Sunday, December 26, 2010

Late to the party, I purchased an iPod last month. After much consideration, I determined that the Classic 160gb best met my needs. As much as I'd like the internet connectivity of the Touch, I need the capacity of the Classic because our long term goal is to decumulate, to coin a word, so much of our stuff that takes up space. The beauty of it is that I can upload CDs seemingly at random and the iTunes interface will organize it for me.

Sunday, December 05, 2010

Getting close to another year's end.

Lord, is it cold! It always comes as a rude shock when winter starts to come around here. I've ridden to work twice in the last week but come into the store with my hands barely functioning. Laurie has taken a knife to a couple apple juice bottles to make fairings. She's also modified a worn pair of wool socks to make hand covers. I'll get the Bully Porteur going again and be on the road.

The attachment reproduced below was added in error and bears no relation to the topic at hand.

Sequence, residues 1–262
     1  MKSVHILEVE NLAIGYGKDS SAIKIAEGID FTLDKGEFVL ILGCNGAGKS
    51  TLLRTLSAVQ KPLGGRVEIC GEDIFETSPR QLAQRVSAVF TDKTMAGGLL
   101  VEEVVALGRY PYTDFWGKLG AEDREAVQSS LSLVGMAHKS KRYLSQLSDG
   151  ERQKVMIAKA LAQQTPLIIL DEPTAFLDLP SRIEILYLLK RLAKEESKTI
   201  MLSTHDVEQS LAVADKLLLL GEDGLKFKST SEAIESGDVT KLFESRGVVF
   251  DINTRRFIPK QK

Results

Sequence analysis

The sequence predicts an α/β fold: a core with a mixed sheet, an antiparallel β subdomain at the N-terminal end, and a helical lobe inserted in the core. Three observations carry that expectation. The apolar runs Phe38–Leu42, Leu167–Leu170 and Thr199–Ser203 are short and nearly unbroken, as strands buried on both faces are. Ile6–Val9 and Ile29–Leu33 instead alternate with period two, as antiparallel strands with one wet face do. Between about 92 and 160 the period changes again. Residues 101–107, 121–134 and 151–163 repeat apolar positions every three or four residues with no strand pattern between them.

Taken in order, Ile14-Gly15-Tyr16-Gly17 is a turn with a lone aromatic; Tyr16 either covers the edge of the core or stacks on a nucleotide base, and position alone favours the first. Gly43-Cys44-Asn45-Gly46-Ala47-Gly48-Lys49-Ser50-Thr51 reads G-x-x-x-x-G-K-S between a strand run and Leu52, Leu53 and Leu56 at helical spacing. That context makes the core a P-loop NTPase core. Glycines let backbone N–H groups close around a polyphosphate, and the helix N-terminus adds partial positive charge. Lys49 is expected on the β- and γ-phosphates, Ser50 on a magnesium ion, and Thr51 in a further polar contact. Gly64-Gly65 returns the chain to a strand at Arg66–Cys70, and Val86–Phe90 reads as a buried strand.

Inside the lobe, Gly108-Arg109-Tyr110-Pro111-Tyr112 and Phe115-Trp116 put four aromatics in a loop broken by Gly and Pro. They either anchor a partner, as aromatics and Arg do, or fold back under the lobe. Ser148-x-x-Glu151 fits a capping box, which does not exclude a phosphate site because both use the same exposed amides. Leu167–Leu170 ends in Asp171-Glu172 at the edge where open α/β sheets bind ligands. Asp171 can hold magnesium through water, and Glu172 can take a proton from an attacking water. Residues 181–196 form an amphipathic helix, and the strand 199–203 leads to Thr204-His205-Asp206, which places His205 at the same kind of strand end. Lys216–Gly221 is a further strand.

My new position at Whole Foods entails being there in the morning, often at 6AM which means getting my ass on the road before 5AM. I'm going to try to make that work because I actually do enjoy riding that early and very much enjoy the ride home at 2 PM.

Wednesday, February 17, 2010

I have been a fan of Patagonia for a long time. I like their environmental stance and general integrity. I love their catalogs but all the good publicity and green work is pointless unless the merchandise is good. I purchased some Capilene shirts back in 1987 that I can still wear regularly and a fleece hat that remains in constant use about the same time. Patagonia gear is expensive but easily a good value in the cost per wearing and per use equation.

About 5 years ago, my in-laws gave me a Critical Mass bag for a Christmas gift. I used it daily on my commute, on trips. It held at least 2 grocery bags full of stuff, beer, books, dog food,  what have you. I liked it because it rested on my backside for bike rides, not on my shoulders or my back.